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First Apstos help...


New Member
Hey, so I am getting my first apistos and they are going to be a wild caught form of apistogramma Agassizii ( alenquer, tefe blue or fire red).

1)So my question is what is the best medicine for wc apistos? I have heard that worms from the wild stop them from breeding and eating.

2)Are WC harder to feed? I have live bbs but will they eat frozen bloodworms and such?

3) are WC Agassizii quite easy to breed when you have a male and female pair? The tank is 15 gallon, the pH is around 6 the hardness is 12, ammonia and nitrite 0 and nitrate 50 ppm.



Well-Known Member
5 Year Member
Hi all,
...... The tank is 15 gallon, the pH is around 6 the hardness is 12, ammonia and nitrite 0 and nitrate 50 ppm.
Is it a planted tank? I'd be a little concerned about both the hardness and the nitrate (NO3) level.

Could we have a picture of the tank? There are quite a lot of unknowns before we can have a go at answering the other questions.

cheers Darrel

Mike Wise

Staff member
5 Year Member
This is my experiences keeping apistos for over 40 years.

1. I always quarantine my fish for at least 4 weeks. If they look and behave healthy, only then will I put them in a breeding tank. If they don't look right then they stay in the quarantine tank until they do. I only medicate if I'm fairly certain what the pathogen is. Otherwise, top quality water, food and a quiet (dim) tank is what use.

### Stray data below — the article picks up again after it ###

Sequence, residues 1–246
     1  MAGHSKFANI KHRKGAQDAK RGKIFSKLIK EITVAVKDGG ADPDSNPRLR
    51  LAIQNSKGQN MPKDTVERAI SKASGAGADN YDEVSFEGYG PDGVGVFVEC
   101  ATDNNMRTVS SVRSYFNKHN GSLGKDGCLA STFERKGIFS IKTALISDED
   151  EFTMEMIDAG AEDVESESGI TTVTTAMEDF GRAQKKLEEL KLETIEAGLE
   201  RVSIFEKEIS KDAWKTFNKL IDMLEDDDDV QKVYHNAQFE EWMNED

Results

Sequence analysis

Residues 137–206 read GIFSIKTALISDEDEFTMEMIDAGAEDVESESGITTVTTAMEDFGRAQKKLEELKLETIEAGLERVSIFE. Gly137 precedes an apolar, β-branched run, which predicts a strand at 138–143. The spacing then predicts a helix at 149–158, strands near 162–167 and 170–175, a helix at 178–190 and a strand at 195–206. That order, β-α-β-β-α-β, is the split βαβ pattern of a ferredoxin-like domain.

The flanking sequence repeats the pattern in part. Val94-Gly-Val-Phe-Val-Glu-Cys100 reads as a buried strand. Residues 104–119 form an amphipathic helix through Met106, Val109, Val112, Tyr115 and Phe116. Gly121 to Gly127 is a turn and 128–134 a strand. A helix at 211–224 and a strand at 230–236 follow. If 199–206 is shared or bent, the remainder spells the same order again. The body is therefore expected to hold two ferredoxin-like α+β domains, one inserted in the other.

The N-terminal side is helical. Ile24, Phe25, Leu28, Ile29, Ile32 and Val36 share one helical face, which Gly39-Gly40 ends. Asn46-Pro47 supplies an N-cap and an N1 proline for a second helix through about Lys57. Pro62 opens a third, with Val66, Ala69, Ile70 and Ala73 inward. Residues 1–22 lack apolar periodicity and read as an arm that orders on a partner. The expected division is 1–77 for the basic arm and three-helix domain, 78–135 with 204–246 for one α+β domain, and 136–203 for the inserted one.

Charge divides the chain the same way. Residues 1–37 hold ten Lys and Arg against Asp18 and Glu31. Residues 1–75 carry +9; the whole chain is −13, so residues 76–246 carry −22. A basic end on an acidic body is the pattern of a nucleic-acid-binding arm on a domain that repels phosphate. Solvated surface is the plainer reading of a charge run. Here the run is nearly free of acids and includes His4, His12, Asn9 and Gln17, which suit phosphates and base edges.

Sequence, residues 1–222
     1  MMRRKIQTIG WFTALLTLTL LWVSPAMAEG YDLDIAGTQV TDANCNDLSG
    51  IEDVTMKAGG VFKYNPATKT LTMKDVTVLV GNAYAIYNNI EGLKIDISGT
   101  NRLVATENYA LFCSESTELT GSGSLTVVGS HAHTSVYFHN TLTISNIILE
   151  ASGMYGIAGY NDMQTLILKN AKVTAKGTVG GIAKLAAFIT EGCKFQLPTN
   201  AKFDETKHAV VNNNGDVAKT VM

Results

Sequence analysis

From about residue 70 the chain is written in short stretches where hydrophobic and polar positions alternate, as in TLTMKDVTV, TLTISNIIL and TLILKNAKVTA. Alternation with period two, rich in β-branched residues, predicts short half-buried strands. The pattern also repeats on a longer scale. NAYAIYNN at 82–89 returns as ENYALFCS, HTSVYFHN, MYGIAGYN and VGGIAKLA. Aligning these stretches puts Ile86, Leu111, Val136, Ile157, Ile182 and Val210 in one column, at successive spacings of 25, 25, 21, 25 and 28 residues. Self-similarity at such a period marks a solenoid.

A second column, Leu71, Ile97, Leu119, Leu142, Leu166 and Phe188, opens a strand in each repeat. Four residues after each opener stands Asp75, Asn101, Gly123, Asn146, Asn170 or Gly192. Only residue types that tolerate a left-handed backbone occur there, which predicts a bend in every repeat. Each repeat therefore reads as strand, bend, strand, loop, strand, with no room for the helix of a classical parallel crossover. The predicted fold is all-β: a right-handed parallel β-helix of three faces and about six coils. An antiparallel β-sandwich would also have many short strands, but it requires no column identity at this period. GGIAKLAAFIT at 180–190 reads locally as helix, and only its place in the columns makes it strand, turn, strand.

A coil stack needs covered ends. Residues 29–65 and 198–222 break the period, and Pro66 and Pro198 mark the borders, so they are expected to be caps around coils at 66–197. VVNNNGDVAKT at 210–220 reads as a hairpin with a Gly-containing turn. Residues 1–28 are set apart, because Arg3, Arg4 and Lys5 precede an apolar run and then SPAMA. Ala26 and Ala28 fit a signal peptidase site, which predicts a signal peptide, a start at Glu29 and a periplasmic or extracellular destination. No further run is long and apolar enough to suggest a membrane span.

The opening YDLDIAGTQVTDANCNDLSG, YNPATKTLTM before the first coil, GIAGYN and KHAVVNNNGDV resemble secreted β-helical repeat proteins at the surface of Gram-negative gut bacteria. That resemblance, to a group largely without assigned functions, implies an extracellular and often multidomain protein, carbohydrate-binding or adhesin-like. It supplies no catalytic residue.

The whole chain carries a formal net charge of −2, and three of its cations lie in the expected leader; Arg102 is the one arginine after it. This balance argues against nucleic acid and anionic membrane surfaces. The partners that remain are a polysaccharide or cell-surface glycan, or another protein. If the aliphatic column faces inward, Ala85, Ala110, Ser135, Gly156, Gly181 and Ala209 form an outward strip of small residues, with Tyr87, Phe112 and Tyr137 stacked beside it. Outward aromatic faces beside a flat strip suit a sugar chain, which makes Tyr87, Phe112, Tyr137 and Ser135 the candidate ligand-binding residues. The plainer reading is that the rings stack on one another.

2. Yes, wildcaught fish are more choosy about what they eat. They are used to eating mostly live foods in the wild. In the aquarium it is best to start them on live and frozen foods. I avoid aquatic worms - tubifex & blackworms - only because those collected in ponds can carry fish pathogens. Later you can wean them on to dry foods as a suppliment.

3. Whether wildcaught or domestic, ease of breeding has more to do with the species (and sometimes the specimens). If given the proper environment (decor and water values) both will breed successfully no matter where they originated. In your case, A. agassizii is what I consider a relatively easy breeder, being polygamous and not picky about partners, and being adaptable to clearwater values. BTW Fire-red aggies are a domestic color strain.